the Soviet period.
Persian music has been dominated by religious elements for such
a long time that classical or traditional Persian music has merged
with the religious chants or "noheh." In fact, it would
be difficult to perform otherwise. It wouldn't sound like "traditional
Probably, I wouldn't have realized the immense influence religion
has had on Persian classical music if I had not compared it with
In my opinion, Azeri music has a greater flexibility compared
to the music of most other Middle Eastern traditions. During
the early 20th century, the Azeri tonal scale was modified to
half-tone intervals. In this way, Azeri folk instruments can
be incorporated into Western symphonic orchestras. Persian modes,
however, have retained their traditional quarter-tone intervals.
To me, Azeri music is characterized by a sound reminiscent of
pride and bravery. Persian music, on the other hand, is more
melancholic, meditational and mystic. It's more mellow or, shall
we say, "fatigued," in comparison. It's true that in
certain modes, Azeri music can be just as mournful, but still,
you can detect a difference-somehow there's more dynamism and
liveliness. Even traditional heroic pieces sung in Iran sound
sorrowful; whereas, sad pieces in Azeri mugams somehow sound
heroic and triumphant. I always try to recommend that Persian
singers listen to Azerbaijani vocalists and absorb the liveliness
of their expression.
During the Islamic Revolution in Iran in 1979, I became very
interested in Azeri music. I even went to Tabriz to study Azeri
tar with master Ali Salimi, who since has passed away .
I love the Azeri tar1.
so busy these days, it's hard to master a new instrument.
I'd like to work on Azerbaijani music and produce a major piece-not
because my father is Azeri-but because I believe in cosmopolitan
music-music that is international in scope which can be comprehended
by a very broad audience. I believe that the first step in composing
such works would be to connect with neighboring musical cultures,
to explore, learn and interact with them.
in Iran have become much more interested in Azeri music these
days. But interest in music is quite normal throughout Iran by
all the youth these days. Somehow music has come to symbolize
a sort of cultural protest by the people since the Islamic Revolution
In my opinion, the music that is passed off as Azeri music these
days in Iran, especially in Tehran, is not true Azeri music.
It's like the way Azeri language is spoken on Radio Tabriz. It's
pidgin-a hybrid form. I'm not saying there aren't any good traditional
musicians here, but, generally, what you hear on the radio and
TV is so Persianized.
It all boils down to the fact that there are very few facilities
or institutions in Iran where one can formally study Azeri music.
It would be so helpful if musicians from the Republic of Azerbaijan
could assist Azeri youth here to learn their own native music.
Due to the invisible but, nonetheless, tangible walls that separated
us during the Soviet period, we didn't have a chance to really
study Azeri symphonic or operatic works. Despite this fact, during
the Shah's time [before 1979], the Overture to Hajibeyov's Koroglu
Opera became associated with revolutionary, progressive and even
leftist activities here in Iran.
of the greatest things I've learned being here in the United
States these past few months is the universality of music. Our
culture, somehow, teaches us to be conscious of shortcomings
within ourselves and within others, but Americans try to emphasize
positive attributes in everyone, and I believe this makes it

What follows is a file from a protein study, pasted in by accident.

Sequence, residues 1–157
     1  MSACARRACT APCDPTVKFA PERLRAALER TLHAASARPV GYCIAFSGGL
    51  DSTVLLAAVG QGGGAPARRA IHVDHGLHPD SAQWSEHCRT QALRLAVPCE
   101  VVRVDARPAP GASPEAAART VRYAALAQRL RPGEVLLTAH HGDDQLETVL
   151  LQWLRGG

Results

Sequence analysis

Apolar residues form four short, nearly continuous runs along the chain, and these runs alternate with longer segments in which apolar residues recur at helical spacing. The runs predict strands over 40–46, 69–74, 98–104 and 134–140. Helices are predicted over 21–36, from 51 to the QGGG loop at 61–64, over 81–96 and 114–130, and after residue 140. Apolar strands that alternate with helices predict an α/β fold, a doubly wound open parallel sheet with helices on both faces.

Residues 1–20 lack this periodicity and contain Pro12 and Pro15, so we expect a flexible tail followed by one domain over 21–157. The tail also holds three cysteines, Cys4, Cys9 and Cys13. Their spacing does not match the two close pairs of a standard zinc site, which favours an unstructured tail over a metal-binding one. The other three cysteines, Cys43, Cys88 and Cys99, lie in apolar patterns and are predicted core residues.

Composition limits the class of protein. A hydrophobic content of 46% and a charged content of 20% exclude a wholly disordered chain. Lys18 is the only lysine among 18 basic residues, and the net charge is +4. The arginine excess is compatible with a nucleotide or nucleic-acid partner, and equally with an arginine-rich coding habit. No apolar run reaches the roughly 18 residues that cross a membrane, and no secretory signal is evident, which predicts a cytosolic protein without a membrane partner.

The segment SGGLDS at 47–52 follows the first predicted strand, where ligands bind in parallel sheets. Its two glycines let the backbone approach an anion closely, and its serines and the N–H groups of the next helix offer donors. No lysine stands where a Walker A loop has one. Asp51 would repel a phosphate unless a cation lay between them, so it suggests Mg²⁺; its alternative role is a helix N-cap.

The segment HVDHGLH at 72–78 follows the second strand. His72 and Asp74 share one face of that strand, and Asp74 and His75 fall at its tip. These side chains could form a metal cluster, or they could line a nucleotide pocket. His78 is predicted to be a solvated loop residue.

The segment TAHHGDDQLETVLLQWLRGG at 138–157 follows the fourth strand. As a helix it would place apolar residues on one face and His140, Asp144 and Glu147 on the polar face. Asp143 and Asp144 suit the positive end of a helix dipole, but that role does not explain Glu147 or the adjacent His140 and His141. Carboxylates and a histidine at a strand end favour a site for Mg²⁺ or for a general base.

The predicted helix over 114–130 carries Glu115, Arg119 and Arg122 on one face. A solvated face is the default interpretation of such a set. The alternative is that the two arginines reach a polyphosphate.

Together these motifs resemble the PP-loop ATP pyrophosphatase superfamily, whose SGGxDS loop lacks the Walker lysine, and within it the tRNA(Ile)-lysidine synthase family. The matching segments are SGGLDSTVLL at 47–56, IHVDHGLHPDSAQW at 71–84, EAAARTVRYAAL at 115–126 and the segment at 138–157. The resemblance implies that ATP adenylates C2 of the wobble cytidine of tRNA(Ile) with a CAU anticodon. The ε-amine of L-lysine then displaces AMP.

easier for them to initiate relationships. At the same time,
it helps break down national and ethnic boundaries. As much as
I love my country, the more I became familiar with this positive
approach, the less importance I place on a person's origin or
Music is a great vehicle for bringing people together. In my
opinion, art, in general, is the only thing that can lift the
borders between nations and ethnicities. I was so fortunate to
sense more of this globalization during my stay in the U.S. I
consider this to be the greatest gift that I'm taking back home.
Even though Western culture is more or less widespread in the
East and Middle East, we've had very little exchange within our
own region. For example, Iran has no on-going cultural exchanges
with Pakistan, India, Turkey or Afghanistan. And although there
are many Azeris living within Iran's borders, there has been
very little cultural interaction with Azerbaijan because of political
reasons. We begin to notice this lack of cultural exchange among
ourselves when we go to the West because opportunities for exchange
exist there. While in the States, I've had many opportunities
to perform in many multicultural concerts with musicians of other
ethnic backgrounds - Indian, Arabic and American.
When I speak of internationalization or universality of art or
music, I don't mean the Westernization of it. We people in the
East need to be conscious of this and need to create our own
regional "universal" or "international" connections
first. The only reason that people of one nation may not understand
the music of another is usually that they've never had a chance
to hear it before.
Classical European music is now considered to be international
and comprehensible by all nations of the world. This has occurred
simply because it became so widely available. But these days
in the West, a new trend is emerging, and more and more people
are becoming interested in a concept which they call "World
Music." The horizons of music appreciation are expanding
beyond classical European music and allowing for much more diversity
and universality. It's a fortunate trend for all of us.
CDs by Alizadeh
are available from Kereshmeh Records, 12021 Wilshire Blvd., Suite
420, Los Angeles, CA 90025. E-mail: firstname.lastname@example.org; Web
1 The Azeri
tar has 11, not six strings like the Persian tar. Also, its shape
has been modified and weight lessened so that it can be played
against the chest rather than in the lap. This provides greater
versatility for performing mugams, the traditional modal music
of the region. These days, the Azeri tar plays only half tone
intervals while the Persian tar has retained quarter tones. The
Azeri tar can be played in Western symphonic orchestras.
(5.4) Winter 1997
© Azerbaijan International 1997. All Rights Reserved.